Seven years ago, when Hillary Clinton was fighting a grueling Democratic primary battle against then-Sen. Barack Obama, she boasted of duck hunting and championed the Second Amendment. Clinton’s campaign in Indiana sent around negative mailers pasted with rifles, accusing Obama of being weak on gun rights. She talked of learning to shoot a gun as a child.
“You know, my dad took me out behind the cottage that my grandfather built on a little lake called Lake Winola outside of Scranton and taught me how to shoot when I was a little girl,” Clinton said in April 2008. “It’s part of culture. It’s part of a way of life. People enjoy hunting and shooting because it’s an important part of who they are.”
That year, she went on to overwhelmingly win states in the Democratic primary with rural whites, from Pennsylvania to Kentucky and West Virginia.
Today, Clinton's calculus has changed. She has come out this campaign in favor of gun control measures with a vigor that surprised even some Democrats, targeting minorities and urban voters. Without contradicting any of her policy positions from 2008, Clinton is helping shape the national debate about firearms, calling for a “national movement” to “stand up to the NRA” and lambasting Republicans for voting against gun control legislation.
“What is wrong with us, that we cannot stand up to the NRA and the gun lobby, and the gun manufacturers they represent?” a visibly angry Clinton said shortly after the Oregon shooting last month that left 10 people dead. “T his is not just tragic. We don’t just need to pray for people. We need to act and we need to build a movement. It’s infuriating.”
The change in Clinton's approach to guns comes as the Democratic Party at large has shifted. A spate of mass shootings has reinvigorated liberals who support strengthening gun laws, while wealthy backers have pledged money to help fend off negative ads. While the NRA and conservative groups have lambasted her, Democratic strategists believe that Clinton's embrace of gun control is a savvy political move.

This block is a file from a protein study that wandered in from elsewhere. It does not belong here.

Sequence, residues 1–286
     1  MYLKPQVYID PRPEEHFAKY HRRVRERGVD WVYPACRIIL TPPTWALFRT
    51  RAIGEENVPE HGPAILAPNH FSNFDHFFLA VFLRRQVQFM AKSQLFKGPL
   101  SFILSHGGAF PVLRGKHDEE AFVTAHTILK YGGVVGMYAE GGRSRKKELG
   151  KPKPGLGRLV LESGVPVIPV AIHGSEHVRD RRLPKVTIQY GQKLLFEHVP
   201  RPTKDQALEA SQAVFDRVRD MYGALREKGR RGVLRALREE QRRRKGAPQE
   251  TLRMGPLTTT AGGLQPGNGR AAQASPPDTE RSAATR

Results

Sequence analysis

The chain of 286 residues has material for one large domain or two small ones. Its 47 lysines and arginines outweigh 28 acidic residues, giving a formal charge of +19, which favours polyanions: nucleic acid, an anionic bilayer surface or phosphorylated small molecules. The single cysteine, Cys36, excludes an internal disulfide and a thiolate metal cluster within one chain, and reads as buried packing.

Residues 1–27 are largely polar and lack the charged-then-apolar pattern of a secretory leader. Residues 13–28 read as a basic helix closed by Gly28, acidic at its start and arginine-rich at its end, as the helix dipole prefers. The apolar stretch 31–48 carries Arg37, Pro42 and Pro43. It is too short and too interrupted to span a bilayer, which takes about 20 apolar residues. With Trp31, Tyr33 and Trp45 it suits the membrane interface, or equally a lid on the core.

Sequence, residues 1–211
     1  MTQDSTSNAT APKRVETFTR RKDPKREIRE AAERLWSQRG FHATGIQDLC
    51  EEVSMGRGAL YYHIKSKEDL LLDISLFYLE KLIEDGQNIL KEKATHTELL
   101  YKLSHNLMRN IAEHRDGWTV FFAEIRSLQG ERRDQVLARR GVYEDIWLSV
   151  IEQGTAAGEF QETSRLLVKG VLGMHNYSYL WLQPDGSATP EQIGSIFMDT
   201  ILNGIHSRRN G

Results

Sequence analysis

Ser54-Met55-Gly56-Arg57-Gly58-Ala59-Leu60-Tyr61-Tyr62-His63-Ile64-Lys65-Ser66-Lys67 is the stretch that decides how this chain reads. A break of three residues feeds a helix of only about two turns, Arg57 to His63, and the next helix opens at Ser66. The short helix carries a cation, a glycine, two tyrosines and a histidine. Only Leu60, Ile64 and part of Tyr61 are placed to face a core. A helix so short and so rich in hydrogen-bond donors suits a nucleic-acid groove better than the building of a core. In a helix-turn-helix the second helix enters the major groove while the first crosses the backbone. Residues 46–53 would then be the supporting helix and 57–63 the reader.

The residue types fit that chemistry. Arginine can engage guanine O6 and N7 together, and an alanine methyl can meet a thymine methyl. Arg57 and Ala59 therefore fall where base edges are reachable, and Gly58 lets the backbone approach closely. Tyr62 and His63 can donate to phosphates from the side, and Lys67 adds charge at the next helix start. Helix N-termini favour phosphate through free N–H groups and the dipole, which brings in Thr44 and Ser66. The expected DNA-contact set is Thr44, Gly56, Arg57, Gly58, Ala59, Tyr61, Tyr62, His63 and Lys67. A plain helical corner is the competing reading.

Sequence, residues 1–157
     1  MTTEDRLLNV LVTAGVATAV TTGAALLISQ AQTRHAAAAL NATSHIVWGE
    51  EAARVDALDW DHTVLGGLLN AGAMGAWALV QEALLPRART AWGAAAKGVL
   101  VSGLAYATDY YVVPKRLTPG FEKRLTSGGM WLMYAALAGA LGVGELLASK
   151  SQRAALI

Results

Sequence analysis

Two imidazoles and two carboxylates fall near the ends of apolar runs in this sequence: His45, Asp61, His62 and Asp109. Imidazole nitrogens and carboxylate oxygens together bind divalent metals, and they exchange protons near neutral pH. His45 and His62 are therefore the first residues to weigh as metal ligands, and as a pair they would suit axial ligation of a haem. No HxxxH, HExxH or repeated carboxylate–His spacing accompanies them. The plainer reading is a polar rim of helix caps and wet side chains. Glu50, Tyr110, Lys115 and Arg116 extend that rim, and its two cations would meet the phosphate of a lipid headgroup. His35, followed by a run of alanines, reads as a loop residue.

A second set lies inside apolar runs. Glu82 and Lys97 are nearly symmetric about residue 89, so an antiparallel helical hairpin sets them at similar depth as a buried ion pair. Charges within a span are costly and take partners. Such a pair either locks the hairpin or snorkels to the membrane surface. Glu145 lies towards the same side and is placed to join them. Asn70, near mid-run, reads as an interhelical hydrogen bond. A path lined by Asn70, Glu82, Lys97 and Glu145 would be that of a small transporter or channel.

In fact, gun control advocates are more organized and better-funded than at any time in at least the last two decades. Groups such as Everytown For Gun Safety, bankrolled by billionaire Michael Bloomberg, and Americans for Responsible Solutions, former U.S. Rep. Gabrielle Giffords' super PAC, are spending millions to counteract the NRA. As a sign of the changing times, they point to close battles where pro-gun control candidates have won, like Gov. John Hickenlooper in Colorado, or the dozens states that have passed some form of stricter gun laws since the Newtown elementary school shooting.
The polls on guns are mixed, but some Democrats point to evidence that public opinion on gun control is changing. A Gallup survey in October showed that 56% of Americans believe there should be stricter laws around firearms sales, a rise of eight percentage points from 2014 .
“Democrats are starting to believe that a strong statement on gun control will motivate the base and not cost them in purple states,” said Adam Winkler, a professor of constitutional law at UCLA. “That is a totally different electoral calculation than they were making even four years ago.”
Clinton has called for an array of gun control measures, including holding gun manufacturers liable for gun violence, closing a loophole that allows gun sales to proceed after three days if a background check is not completed in that time and taking administrative action to require background checks at guns shows and gun stores. This week, her campaign released an ad calling for gun control measures.
“We need to close the loopholes and support universal background checks," she said. "How many people have to die before we actually act?”